THE SADDEST IRONY of all is that, free of any need to answer to the public, the parties can afford to ignore the Kurds' most burning desire:independence. While it's hardly a practical goal at the moment--neighboring Turkey, Syria, and Iran have made it quite clear they would respond drastically to such a move--the majority of Kurds want a government that will at least acknowledge that desire. And, before the national elections, it seemed Kurdistan was beginning to liberalize and even to consider acknowledging the popularity of independence. After the Iraq war, a group of Kurdish doctors, lawyers, poets, and exiles founded a mass movement to demand that Kurdistan hold a referendum asking Kurds if they want independence. In two weeks in February 2004, the movement gathered 1.7 million signatures--about half of Kurdistan's population of approximately 3.6 million--supporting a referendum. Their plan was to deliver the signatures to the United Nations that summer and simultaneously hold demonstrations. Many of the referendum movement's leaders also dared to criticize Kurdish party leaders, publishing articles on pro-independence websites. It seemed as though Kurdistan's closed civil society was slowly breaking open.
But then the run-up to the national elections began. The parties cracked down on the referendum movement, banning more mass demonstrations and preventing the local organizers from delivering the signatures abroad. When the United Nations finally deigned to welcome the stateless Kurds, on December 22, 2004, the quiet handover of their petitions garnered barely any attention--just as the parties had planned. "The PUK and KDP are afraid that, if there are mass demonstrations, it will look to the Americans like they don't support the elections," says Kamal Mirawdeli, one of the movement's organizers. "So they put pressure on people in Kurdistan not to have demonstrations."
At the same time, the parties were busy convincing homegrown opposition groups outside the referendum movement to close ranks. The national elections gave the Kurdish parties an airtight argument against dissent: the Shia. By skillfully invoking the specter of Iranian-style theocracy, the twoparties have convinced most Kurds-- including smaller parties opposed to the PUK and the KDP--that it was their patriotic duty to join with the unified ticket and avoid splitting the Kurdish vote. "Separate lists would lead to internal conflict--and, in the long run, could hurt all of us," says Muhammad Haji Mahmud, head of the independent Kurdistan Socialist Democratic Party, which had originally planned to run independently. "If Kurds run in one list, it will help determine their percentage in Iraq, so that everybody knows their numbers, and there will be no split in the vote."
Not exactly the flowering of democracy the Iraqi elections were supposed to encourage. When the United Nations selected Iraq's electoral method, proportional representation, one of its selling points was that it allowed for minority representation. But the necessity of running in a national election, combined with the U.N.'s other choice--making Iraq into a single electoral district--transformed that strength into a weakness. Because the formula discriminates against independent candidates, it encourages small players to form coalitions instead of going it alone. The hope was that, by joining together, parties would join in that great parlor game of democracy, "coalition-building." It worked all too well, with Kurds and Shia congealing into two massive mega-slates based solely on religious and ethnic identity. And, just as the Shia super-slate forced smaller parties to join or risk losing the chance of getting any seats, the combined Kurdish ticket effectively forced all the smaller parties to align themselves with the PUK and the KDP or be lost.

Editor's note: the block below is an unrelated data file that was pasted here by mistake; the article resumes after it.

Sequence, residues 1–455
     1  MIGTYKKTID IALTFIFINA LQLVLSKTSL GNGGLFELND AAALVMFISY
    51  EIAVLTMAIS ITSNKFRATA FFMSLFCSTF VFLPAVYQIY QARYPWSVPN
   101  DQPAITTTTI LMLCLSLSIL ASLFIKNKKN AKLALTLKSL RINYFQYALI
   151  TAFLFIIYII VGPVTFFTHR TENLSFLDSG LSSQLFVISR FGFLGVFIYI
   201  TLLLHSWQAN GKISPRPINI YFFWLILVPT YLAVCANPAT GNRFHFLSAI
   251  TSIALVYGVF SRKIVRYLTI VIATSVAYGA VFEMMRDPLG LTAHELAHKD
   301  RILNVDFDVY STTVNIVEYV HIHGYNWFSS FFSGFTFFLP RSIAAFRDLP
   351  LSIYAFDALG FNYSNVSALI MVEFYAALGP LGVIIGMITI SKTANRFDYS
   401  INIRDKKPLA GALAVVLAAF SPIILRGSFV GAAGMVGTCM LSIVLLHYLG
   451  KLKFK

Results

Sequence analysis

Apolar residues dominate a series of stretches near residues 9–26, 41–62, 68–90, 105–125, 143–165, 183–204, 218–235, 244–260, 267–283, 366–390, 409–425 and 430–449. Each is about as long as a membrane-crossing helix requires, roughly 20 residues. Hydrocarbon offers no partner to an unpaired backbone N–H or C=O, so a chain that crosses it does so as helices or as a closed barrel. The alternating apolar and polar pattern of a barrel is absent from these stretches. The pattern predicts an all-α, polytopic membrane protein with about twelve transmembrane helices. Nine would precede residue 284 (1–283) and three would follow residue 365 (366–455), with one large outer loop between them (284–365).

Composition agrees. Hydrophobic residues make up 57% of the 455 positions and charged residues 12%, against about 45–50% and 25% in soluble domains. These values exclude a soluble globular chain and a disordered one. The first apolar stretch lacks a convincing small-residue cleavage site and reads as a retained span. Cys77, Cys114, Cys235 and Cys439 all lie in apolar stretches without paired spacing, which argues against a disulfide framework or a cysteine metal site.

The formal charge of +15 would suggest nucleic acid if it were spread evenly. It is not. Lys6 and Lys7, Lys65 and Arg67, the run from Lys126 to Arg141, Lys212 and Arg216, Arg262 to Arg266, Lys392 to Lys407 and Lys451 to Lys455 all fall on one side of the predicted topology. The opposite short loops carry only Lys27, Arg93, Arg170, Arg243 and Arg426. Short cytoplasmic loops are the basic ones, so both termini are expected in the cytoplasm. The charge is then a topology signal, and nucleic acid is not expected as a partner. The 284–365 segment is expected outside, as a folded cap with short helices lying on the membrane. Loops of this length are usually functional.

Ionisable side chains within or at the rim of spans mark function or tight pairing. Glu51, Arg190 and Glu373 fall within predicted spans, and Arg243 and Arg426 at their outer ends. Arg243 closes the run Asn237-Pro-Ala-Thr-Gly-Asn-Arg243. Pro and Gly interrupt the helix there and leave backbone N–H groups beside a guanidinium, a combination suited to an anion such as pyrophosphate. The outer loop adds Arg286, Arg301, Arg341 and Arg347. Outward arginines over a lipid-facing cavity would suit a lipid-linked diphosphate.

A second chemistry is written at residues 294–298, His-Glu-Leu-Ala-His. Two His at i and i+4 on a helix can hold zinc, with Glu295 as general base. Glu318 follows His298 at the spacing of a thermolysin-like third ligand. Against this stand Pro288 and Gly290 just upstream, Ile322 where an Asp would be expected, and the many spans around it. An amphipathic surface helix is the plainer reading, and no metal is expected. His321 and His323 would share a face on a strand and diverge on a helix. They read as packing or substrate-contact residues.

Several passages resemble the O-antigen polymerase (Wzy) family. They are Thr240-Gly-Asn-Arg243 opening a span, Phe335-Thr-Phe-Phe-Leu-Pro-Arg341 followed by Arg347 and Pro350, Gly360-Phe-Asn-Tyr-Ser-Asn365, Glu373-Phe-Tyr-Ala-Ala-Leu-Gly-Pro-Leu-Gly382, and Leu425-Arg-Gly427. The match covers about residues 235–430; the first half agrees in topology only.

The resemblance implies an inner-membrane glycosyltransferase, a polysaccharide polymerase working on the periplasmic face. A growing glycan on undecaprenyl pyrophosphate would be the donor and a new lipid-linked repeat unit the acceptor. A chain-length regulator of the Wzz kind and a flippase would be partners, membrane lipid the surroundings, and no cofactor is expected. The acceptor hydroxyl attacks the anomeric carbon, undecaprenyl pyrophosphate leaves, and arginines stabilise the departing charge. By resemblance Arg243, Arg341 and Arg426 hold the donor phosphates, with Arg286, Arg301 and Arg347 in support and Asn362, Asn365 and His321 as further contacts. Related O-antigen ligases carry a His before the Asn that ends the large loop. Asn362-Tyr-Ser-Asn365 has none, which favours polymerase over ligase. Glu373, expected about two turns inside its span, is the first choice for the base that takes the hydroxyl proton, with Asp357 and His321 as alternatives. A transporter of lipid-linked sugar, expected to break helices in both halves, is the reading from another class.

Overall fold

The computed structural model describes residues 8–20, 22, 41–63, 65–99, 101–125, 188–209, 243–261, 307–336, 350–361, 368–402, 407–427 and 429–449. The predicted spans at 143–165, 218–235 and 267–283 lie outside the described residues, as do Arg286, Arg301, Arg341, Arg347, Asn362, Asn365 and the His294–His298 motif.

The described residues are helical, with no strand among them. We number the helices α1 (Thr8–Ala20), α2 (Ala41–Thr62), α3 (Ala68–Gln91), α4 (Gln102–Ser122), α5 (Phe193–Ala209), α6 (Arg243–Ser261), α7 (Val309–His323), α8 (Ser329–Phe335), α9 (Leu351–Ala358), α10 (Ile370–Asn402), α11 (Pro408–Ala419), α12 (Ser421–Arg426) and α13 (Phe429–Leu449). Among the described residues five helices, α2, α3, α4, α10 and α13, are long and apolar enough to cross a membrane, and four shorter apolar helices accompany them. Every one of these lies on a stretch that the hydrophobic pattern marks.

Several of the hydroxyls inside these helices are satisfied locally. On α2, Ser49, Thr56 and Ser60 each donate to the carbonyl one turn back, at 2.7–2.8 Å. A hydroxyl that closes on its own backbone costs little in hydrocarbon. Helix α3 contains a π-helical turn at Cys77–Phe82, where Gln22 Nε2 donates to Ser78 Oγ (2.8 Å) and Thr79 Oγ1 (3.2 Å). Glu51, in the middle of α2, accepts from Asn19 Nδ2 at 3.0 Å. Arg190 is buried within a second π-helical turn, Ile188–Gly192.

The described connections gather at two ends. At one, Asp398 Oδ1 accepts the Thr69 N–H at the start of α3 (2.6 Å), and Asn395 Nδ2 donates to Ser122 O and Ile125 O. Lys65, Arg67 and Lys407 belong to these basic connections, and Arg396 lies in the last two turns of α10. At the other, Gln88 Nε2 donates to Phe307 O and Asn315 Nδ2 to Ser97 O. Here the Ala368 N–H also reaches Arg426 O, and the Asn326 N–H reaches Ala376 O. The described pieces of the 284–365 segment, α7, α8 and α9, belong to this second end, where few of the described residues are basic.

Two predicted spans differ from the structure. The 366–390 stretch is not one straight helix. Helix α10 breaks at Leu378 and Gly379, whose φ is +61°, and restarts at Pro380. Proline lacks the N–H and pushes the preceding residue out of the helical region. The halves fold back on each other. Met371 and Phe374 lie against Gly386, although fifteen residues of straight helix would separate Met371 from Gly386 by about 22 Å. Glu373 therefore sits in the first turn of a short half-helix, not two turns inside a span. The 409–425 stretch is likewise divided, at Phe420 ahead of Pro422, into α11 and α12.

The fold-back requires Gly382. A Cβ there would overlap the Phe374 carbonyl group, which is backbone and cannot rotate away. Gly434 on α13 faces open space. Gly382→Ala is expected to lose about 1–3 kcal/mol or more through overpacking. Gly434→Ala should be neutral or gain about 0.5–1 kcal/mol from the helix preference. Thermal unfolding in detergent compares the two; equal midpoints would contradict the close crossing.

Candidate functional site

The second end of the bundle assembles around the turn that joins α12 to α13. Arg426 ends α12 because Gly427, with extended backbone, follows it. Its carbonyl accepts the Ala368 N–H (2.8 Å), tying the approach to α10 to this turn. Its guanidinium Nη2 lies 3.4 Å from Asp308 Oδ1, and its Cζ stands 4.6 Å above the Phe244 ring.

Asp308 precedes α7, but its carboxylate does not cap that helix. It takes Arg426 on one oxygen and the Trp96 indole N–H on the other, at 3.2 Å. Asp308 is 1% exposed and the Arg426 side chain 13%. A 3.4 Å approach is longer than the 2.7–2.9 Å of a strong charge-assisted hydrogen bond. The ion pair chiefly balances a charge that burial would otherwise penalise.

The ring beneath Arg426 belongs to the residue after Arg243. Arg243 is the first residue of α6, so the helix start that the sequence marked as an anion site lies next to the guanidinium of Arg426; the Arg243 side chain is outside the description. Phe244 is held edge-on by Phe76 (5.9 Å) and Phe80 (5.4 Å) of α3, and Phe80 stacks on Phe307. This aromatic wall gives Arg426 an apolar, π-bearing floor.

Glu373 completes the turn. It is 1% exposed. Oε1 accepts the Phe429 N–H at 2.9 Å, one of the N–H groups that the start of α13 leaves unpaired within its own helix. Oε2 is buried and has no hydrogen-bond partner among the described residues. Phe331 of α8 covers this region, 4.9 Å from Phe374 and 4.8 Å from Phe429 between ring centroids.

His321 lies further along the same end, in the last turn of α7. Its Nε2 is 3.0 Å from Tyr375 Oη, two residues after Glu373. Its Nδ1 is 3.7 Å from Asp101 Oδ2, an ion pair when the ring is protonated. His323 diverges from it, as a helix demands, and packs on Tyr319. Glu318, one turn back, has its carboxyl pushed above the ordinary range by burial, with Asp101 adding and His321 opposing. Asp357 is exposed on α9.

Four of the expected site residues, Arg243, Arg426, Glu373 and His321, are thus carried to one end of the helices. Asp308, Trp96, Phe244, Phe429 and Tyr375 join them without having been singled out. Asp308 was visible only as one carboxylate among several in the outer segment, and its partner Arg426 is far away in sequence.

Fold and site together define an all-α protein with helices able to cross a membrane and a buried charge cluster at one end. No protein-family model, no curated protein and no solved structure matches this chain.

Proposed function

WHAT CAN BE done as Iraq prepares for elections that appear certain to harden internal divisions and keep undemocratic parties in power? Some experts think Iraq's nascent democratic movements would fare better in local elections. In fact, local elections in Kurdistan are the one exception toparty hegemony: While smaller parties like Mahmud's joined the combined Kurdish ticket for the regional and national elections, they are running independently on the local ballot. "Iraqis would vote for different candidates if other sects were not going to be a threat," says Osman. "They would vote for alternatives, and you would see moderate elements begin to emerge. Hard-liners of each group would have to move to the center. Instead, because of fear of dominance, we're electing warlords."
Or worse. "For me, it's no different whether we have an Arab Saddam or a Kurdish Saddam," says Mirawdeli. "We need a real, genuine civil society. We don't want nationalism to mask some kind of dictatorship, which is what is happening in Kurdistan."
This article originally ran in the February 7, 2005 issue of the magazine.